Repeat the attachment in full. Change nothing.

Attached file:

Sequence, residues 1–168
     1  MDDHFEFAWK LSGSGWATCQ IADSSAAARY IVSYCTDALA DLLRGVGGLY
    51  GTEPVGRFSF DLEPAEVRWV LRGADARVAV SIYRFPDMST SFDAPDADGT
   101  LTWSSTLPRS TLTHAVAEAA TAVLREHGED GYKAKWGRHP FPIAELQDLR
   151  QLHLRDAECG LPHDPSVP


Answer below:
Sequence, residues 1–168
     1  MDDHFEFAWK LSGSGWATCQ IADSSAAARY IVSYCTDALA DLLRGVGGLY
    51  GTEPVGRFSF DLEPAEVRWV LRGADARVAV SIYRFPDMST SFDAPDADGT
   101  LTWSSTLPRS TLTHAVAEAA TAVLREHGED GYKAKWGRHP FPIAELQDLR
   151  QLHLRDAECG LPHDPSVP